The Current Crisis

Static in the Air

Is Hamid Karzai to go the way of Ngo Dinh Diem?

By 4.8.10

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WASHINGTON -- The increasing static in the air between Kabul and the White House brings to mind other dicey episodes in American diplomacy. Even dealing with allies can be tricky. Recall de Gaulle. He was heartburn for five American presidents. Even Churchill could be difficult, and he was half-American. Yet for Roosevelt and Truman he could be a trial, particularly when the question of the British Empire was on the table and the future of its colonies.

President Barack Obama's rows with President Hamid Karzai may not put you in mind of de Gaulle or the passing of the British Empire, but there is a troubling analogy, to wit: the Kennedys' treatment of the President of South Vietnam, Ngo Dinh Diem. It did not end prettily. In the early days of the Vietnam conflict President John F. Kennedy was increasingly critical of Diem for his apparent ineptitude, corruption, and brutality. Our Ambassador to Saigon, Henry Cabot Lodge, snubbed the South Vietnamese president. When word reached Washington that officers in the South Vietnamese army were going to overthrow Diem, the Kennedys pointedly looked the other way. The coup took place, and to the administration's embarrassment President Diem was not left an exile but a well-photographed corpse. His was to be the last stable South Vietnamese government. Sometimes foreigners know more about the governance of their countries than Americans do.

Is the Diem scenario to be the scenario for Afghanistan? The country is probably even more ungovernable than South Vietnam. It has never in modern times had a strong central government. There have always been rivalries and by our standards much corruption. From this backward country has emerged President Hamid Karzai, another difficult ally. It is not too soon to ask whether President Obama will handle him as his White House predecessors handled de Gaulle or as Diem was handled.

For several months the Obama administration has made it clear through leaks and public statements that it does not approve of Karzai's fraught election and his laxness in dealing with corruption. The consequence has been a growing hostility between Kabul and Washington that may now be reaching a crisis.

Though not very well reported, the crisis appears to have begun in early March when President Obama refused Karzai's request for a meeting in Washington. Karzai's response was to invite Iran's President Mahmoud Ahmadinejad to visit Kabul. There the Iranian in his trademark dirty windbreaker delivered a series of snipes at President Obama. Late in the month when President Obama visited Kabul on his whirlwind trip to visit our troops he did sit down with Karzai but then allowed it to be leaked worldwide that at his sententious best he treated Karzai to a lecture on the essentials of Good Government.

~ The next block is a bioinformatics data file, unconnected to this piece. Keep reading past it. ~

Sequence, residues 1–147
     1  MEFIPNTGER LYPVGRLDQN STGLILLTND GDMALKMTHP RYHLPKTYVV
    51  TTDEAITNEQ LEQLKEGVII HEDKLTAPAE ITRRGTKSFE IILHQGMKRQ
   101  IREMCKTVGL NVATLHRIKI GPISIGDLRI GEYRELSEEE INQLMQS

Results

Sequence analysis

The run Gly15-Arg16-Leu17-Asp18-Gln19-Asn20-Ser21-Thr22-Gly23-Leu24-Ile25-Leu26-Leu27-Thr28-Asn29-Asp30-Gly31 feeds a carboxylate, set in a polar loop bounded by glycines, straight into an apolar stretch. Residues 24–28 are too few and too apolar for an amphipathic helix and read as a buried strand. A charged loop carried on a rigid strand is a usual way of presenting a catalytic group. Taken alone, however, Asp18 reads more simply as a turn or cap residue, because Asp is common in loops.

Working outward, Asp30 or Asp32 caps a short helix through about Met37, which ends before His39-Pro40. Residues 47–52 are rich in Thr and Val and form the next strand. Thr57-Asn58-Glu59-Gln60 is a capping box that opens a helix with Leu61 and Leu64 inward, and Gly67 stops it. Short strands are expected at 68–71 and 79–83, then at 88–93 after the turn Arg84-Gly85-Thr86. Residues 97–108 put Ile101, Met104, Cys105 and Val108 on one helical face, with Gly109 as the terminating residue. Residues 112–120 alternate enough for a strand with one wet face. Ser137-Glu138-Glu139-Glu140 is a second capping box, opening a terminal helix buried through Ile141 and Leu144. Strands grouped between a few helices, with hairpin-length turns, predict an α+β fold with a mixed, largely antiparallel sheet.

That indignity apparently provoked Karzai to let it be leaked that he has told Afghan colleagues that if the static continues between Washington and Kabul he might consider joining the Taliban! Not to be outdone, the administration through its spokesman Robert Gibbs has now let it be known that when Karzai arrives in Washington for a May 12 meeting he may not get to see President Obama. "We certainly would evaluate whatever continued or further remarks President Karzai makes," said Gibbs, "as to whether it is constructive to have that meeting."

Readers of this column may recall that I had a little fun at Karzai's expense in February when I took exception to his demagoguery in parliament over the issue of Afghan civilians being killed by our troops. Usually they were put in harm's way by the Taliban. I also joked about an election monitoring board that Karzai packed with allies. "Hamid Karzai (D-Chicago)" I called him to make an obvious point.

After the column appeared I got a sobering call from a friend who had played a significant role in the Bush administration's conduct of war in Afghanistan and Iraq. During the call he/she reminded me that a change in leadership in those faraway parts does not necessarily end in improved leadership. Moreover, Karzai has achieved more than any of his rivals is likely to achieve towards peace and security in the region and with no evidence that he is himself corrupt.

Lay off, said my friend, and so I have. That picture I once beheld of Diem sobered me up too. I wonder if President Obama has seen it.

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About the Author
R. Emmett Tyrrell, Jr. is the founder and editor in chief of The American Spectator. He is the author of The Death of Liberalism, published by Thomas Nelson Inc. His previous books include the New York Times bestseller Boy Clinton: the Political Biography; The Impeachment of William Jefferson Clinton; The Liberal Crack-Up; The Conservative Crack-Up; Public Nuisances; The Future that Doesn't Work: Social Democracy's Failure in Britain; Madame Hillary: The Dark Road to the White House; The Clinton Crack-Up; and After the Hangover: The Conservatives' Road to Recovery.